Questions and Answers Regarding Hurricane Florence Special Assessment

October 15, 2018

The following are questions the Landfall Council of Associations Board has received from members of the Landfall community with regard to the special assessment levied in response to Hurricane Florence. Please reference the cover letter that accompanied that special assessment invoice, as well as the information below, regarding the expenses that we incurred due to damage to our common areas and the resulting special assessment.

Disaster Response

Q.    Why did the Council commit to restoration work and related expenses that are outside of the normal operating budget?

A.    It was in the best interest of the community to address the access, life safety, and private infrastructure issues immediately. Therefore, the Council authorized its staff to respond to the storm damage even before the storm arrived. It was not a viable option for the Council to wait until funding was established to commence the work.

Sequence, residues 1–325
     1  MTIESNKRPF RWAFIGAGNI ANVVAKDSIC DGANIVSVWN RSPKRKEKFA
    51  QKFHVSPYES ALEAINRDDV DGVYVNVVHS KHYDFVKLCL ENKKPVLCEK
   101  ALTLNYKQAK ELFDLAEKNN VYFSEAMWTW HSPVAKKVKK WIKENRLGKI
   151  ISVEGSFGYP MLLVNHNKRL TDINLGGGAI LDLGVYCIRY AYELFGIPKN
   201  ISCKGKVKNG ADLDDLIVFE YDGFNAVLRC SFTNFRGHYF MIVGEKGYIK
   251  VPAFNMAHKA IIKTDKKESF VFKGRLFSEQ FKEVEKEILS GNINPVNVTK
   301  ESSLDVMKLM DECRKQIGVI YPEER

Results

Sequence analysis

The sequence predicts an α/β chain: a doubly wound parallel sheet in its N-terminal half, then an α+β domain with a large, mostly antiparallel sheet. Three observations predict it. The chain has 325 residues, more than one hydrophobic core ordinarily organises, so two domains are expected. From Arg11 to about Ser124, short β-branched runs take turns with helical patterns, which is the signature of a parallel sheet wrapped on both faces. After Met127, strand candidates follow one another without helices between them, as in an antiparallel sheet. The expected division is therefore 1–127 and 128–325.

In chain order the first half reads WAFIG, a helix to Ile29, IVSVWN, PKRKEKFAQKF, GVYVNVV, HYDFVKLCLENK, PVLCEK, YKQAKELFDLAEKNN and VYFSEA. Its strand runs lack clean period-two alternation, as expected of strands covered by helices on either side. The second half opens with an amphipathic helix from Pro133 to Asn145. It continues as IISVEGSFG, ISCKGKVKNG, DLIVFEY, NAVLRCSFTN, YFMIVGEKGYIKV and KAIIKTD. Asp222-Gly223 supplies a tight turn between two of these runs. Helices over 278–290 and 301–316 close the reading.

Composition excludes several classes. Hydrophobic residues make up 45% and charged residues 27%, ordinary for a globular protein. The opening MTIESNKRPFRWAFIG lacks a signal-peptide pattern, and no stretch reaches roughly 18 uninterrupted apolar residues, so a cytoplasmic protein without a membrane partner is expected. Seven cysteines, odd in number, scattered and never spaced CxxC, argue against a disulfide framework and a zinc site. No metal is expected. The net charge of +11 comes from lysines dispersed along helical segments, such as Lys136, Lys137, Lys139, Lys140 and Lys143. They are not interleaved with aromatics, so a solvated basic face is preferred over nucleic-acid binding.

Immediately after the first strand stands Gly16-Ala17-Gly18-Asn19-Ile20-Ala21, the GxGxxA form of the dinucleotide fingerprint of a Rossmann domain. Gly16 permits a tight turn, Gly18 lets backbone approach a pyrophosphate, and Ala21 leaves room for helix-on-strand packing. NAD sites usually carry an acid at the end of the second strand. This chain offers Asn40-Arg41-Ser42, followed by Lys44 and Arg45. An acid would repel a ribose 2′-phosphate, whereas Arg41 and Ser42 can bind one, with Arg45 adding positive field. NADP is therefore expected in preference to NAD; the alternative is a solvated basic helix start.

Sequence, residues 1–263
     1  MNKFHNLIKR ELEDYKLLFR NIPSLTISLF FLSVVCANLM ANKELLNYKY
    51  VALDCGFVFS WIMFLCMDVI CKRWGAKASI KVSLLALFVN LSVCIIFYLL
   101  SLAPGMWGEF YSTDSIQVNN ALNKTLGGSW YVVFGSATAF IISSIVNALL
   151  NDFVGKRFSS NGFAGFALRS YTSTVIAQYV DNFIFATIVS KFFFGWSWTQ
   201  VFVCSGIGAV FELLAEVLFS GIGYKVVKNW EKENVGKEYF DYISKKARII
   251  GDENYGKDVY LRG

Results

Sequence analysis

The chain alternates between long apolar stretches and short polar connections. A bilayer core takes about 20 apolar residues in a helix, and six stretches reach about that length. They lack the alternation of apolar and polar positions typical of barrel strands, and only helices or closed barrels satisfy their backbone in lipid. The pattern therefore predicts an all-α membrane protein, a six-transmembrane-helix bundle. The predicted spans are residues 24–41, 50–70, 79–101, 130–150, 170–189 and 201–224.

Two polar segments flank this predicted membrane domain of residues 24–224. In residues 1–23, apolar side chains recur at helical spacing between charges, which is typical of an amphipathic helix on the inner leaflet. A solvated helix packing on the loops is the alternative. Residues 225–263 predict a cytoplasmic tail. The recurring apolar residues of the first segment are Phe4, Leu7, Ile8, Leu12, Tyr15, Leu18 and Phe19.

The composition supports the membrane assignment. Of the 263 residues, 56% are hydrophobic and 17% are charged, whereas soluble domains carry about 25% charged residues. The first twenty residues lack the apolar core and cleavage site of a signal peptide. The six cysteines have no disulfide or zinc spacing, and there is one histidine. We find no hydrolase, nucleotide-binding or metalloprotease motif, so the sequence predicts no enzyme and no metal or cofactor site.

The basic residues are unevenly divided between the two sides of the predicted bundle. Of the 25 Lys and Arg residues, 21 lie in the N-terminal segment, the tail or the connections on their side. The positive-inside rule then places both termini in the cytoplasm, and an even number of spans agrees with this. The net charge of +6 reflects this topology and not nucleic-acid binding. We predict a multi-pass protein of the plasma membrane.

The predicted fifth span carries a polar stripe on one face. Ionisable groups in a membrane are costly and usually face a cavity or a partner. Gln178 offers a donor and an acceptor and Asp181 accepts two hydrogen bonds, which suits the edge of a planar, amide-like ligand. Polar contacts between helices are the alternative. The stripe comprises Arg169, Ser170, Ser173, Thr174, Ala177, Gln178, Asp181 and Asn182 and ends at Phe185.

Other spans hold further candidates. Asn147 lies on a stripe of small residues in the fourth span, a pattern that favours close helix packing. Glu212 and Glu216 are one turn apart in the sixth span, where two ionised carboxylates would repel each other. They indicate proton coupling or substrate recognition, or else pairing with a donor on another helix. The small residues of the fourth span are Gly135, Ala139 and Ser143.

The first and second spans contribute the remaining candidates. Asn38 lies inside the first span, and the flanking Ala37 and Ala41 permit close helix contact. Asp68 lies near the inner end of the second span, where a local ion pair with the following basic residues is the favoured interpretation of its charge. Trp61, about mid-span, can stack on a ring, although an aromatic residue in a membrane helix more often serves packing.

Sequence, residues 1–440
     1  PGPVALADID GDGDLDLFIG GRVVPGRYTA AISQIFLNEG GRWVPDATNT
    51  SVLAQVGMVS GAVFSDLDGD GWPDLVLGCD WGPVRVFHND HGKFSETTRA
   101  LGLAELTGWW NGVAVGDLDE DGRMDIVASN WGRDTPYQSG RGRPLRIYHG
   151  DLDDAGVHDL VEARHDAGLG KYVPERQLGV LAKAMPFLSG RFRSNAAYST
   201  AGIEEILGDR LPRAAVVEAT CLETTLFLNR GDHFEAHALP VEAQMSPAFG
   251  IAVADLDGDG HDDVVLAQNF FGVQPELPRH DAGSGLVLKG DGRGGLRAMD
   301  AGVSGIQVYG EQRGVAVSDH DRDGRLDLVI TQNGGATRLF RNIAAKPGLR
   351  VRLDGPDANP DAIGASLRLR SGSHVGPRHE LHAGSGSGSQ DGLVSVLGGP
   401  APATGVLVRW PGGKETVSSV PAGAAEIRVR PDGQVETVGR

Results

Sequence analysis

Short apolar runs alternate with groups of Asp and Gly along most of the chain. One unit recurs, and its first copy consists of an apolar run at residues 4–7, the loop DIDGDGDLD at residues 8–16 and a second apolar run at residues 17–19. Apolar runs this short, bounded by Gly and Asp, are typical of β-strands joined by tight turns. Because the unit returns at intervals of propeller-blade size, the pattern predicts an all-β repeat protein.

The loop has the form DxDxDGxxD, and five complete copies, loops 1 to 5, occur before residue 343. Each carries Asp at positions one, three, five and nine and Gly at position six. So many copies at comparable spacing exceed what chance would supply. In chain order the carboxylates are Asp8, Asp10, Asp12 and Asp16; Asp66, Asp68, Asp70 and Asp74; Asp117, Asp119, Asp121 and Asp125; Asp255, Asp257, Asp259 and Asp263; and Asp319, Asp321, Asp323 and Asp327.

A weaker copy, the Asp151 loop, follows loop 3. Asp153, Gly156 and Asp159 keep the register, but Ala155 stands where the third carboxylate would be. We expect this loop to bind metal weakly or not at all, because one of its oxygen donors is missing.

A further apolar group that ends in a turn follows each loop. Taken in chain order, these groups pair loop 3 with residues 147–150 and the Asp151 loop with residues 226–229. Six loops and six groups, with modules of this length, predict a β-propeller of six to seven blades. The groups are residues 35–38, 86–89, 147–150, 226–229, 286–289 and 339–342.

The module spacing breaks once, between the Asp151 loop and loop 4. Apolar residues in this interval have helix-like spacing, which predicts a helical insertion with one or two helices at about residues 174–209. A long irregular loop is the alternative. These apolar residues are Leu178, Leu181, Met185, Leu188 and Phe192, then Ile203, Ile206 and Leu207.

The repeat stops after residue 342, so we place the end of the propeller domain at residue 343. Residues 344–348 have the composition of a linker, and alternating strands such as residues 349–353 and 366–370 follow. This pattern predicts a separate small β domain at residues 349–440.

Q.    What was your process for selecting the contractors who are working for us to complete the cleanup, road repairs, and        repairs to our infrastructure?

A.    Recognizing that reliable resources would be difficult to secure in the aftermath of the storm, we arranged contractors in advance to respond to the debris clean up, road repairs, and stormwater facilities repair that we anticipated would be immediately necessary. In selecting those contractors, we prioritized companies with whom we have an established history and level of trust. We also intentionally selected pre-vetted contractors, who were already familiar with our infrastructure and could therefore deal with the unknowns associated with the cleanup more efficiently. Because of our decision to select the contractors in advance of the storm, some of them actually had staff and resources available in the Council’s administrative office during the storm in order to respond to emergency situations and begin clearing the roads as soon as it was safe to do so.